Nanocatalysts for Fuel Cells Exceed Targets Set for 2017

A bimetallic nanocatalyst is cheaper and more reactive than today's platinum fuel cell catalysts

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Nanocatalysts for Fuel Cells Exceed Targets Set for 2017
Image: Lawrence Berkeley National Laboratory

Researchers at the U.S. Department of Energy (DOE) Lawrence Berkeley National Laboratory and Argonne National Laboratory (ANL) have developed bimetallic nanocatalysts that are an order of magnitude higher in activity than the 2017 target set for fuel cells by the U.S. Department of Energy (DOE).

This development marks a very long effort by researchers around the world to find some way to apply nanomaterials to fuel cells

One weak point of fuel cells that nanomaterials could exploit was thought to be the platinum that is used as a catalyst in the system's anode  for oxidizing hydrogen and turning it into protons and electrons. Of course, platinum is a precious metal and was seen as a cost point in the fuel cell. However, it’s not been entirely clear that the cost of platinum catalysts has been a major factor in slowing the adoption of fuel cells.

Two main obstacles that are widely acknowledged to be keeping fuel cells from gaining wider adoption—at least in the automotive area—are the costs of isolating hydrogen and building an infrastructure that would deliver that hydrogen to the automobiles. Nanomaterials have gained the most attention for isolating hydrogen in the last few yeas at both the commercial level as well as in research labs.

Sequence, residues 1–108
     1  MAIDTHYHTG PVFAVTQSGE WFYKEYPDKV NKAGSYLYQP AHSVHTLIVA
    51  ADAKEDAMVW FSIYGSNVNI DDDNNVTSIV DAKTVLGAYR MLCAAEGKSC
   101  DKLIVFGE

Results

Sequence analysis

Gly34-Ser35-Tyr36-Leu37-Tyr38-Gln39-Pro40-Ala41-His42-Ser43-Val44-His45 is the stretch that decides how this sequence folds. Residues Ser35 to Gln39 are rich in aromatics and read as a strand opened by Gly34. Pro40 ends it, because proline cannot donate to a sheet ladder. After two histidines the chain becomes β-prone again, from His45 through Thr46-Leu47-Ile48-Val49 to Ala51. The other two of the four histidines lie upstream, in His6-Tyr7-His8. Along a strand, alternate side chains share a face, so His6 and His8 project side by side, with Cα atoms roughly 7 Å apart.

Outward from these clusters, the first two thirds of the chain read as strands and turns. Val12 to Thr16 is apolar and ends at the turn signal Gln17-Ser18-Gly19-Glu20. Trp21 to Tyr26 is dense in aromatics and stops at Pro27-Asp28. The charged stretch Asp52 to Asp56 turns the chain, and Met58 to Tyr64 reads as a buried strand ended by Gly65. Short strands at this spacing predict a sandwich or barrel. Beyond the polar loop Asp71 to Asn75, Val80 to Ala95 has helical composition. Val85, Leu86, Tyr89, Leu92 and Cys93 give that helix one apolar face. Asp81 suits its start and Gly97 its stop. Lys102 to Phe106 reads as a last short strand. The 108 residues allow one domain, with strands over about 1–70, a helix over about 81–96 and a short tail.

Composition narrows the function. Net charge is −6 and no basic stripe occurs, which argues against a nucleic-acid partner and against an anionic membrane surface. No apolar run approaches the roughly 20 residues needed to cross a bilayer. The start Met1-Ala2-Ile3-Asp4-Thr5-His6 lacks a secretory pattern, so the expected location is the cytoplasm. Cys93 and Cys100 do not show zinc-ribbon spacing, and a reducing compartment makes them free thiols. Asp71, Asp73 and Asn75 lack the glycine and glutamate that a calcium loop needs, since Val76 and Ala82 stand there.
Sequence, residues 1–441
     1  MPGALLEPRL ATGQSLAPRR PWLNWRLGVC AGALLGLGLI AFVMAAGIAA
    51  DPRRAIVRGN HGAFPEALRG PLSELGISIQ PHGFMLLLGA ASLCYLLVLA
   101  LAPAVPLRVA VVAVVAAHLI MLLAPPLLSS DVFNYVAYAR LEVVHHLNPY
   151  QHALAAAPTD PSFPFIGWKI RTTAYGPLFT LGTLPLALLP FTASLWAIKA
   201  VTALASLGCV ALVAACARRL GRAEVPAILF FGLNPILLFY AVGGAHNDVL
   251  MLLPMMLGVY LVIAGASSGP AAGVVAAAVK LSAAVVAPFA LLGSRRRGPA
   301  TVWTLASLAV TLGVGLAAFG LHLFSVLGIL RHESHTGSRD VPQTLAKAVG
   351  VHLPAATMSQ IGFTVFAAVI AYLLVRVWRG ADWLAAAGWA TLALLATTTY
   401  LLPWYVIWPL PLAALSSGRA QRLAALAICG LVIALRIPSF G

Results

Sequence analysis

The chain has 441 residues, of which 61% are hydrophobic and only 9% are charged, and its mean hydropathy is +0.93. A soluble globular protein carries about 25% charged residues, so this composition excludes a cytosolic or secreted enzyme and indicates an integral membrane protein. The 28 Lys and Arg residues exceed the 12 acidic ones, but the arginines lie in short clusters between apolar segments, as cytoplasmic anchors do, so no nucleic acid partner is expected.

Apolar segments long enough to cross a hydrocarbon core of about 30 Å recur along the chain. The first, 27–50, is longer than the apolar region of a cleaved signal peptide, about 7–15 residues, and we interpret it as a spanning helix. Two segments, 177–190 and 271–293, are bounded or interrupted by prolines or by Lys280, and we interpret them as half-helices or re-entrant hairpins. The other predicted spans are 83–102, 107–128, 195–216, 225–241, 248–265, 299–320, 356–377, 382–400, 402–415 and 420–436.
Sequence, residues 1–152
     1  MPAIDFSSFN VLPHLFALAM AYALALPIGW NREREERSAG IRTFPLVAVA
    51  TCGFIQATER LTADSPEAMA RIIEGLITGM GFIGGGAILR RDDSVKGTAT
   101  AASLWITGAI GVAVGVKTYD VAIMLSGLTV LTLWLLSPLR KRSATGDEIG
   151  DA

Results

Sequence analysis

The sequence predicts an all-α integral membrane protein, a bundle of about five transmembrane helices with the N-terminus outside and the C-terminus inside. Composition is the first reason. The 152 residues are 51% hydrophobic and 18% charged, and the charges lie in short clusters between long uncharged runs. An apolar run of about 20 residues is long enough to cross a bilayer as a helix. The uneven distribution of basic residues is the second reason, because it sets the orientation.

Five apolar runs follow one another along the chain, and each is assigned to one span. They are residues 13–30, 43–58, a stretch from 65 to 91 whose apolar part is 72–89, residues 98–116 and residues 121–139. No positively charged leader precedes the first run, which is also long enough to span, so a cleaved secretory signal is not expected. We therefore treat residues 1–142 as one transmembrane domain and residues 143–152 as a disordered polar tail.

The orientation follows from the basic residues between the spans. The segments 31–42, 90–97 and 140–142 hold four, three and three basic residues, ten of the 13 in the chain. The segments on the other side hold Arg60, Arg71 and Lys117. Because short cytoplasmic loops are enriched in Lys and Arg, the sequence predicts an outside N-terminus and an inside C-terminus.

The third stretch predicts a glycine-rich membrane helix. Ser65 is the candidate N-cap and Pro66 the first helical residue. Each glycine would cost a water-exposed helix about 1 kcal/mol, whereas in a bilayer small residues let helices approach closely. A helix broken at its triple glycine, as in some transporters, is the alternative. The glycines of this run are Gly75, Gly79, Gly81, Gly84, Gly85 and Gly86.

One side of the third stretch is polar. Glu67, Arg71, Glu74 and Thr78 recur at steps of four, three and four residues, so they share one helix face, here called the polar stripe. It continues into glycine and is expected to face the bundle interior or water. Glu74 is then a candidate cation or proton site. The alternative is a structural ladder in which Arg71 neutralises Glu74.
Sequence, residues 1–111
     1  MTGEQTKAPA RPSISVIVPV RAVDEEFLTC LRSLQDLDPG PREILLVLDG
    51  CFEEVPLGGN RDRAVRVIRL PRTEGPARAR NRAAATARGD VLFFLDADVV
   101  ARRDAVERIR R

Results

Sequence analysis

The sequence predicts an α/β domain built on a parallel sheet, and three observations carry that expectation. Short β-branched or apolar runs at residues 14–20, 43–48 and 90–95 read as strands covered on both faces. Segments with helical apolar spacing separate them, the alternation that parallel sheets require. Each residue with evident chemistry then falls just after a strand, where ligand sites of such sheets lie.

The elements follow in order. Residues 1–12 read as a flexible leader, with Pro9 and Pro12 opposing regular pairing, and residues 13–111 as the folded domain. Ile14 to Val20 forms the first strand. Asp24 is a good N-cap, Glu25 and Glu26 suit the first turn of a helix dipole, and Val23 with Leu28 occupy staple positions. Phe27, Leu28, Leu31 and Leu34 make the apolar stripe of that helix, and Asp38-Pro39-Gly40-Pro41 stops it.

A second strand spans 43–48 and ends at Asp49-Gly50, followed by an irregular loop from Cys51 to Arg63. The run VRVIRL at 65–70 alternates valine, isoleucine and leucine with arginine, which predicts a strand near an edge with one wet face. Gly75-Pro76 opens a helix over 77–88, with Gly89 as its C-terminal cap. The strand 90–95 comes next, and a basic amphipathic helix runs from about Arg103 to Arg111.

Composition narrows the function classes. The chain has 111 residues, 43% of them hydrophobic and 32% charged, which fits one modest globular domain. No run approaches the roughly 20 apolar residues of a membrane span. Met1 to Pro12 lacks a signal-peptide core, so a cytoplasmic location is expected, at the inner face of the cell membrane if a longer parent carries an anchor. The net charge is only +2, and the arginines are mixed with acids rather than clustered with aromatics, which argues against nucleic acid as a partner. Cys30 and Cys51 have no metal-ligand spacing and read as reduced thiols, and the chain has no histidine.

But the hunt for a nanomaterial to replace platinum as a catalyst inside the fuel cell never went away, bringing us to Berkeley Lab and ANL’s state-of-the-art fuel cell catalyst.

In research, which was published in the journal Science ("Highly Crystalline Multimetallic Nanoframes with Three-Dimensional Electrocatalytic Surfaces"),  the team describe a polyhedral-shaped nanoframe consisting of platinum and nickel. Yes, there’s platinum, but a lot less of it than is typically used for fuel cell catalysts. In addition to using less platinum the catalysts are much more reactive, making the fuel cell more efficient.

“We report the synthesis of a highly active and durable class of electrocatalysts by exploiting the structural evolution of platinum/nickel bimetallic nanocrystals,” said Peidong Yang, a chemist with Berkeley Lab’s Materials Sciences Division, in a press release. “Our catalysts feature a unique hollow nanoframe structure with three-dimensional platinum-rich surfaces accessible for catalytic reactions. By greatly reducing the amount of platinum needed for oxygen reduction and hydrogen evolution reactions, our new class of nanocatalysts should lead to the design of next-generation catalysts with greatly reduced cost but significantly enhanced activities.”

The trick to the research was turning platinum and nickel solid polyhedral nanoparticles into the hollow frame structures. This was accomplished by soaking the a bimetallic nanoparticle in solution for either two weeks at room temperature, or for 12 hours at 120 degrees Celsius. The solution acts as a solvent that eats way the solid structure of the polyhedral nanoparticle, leaving behind just hollow frame.

The same technique can be applied to other multimetallic catalysts, according to Yang, making him quite optimistic about its commercial viability as a process. Whether it will prove to be a factor in promoting the adoption of fuel cells, remains to be seen.

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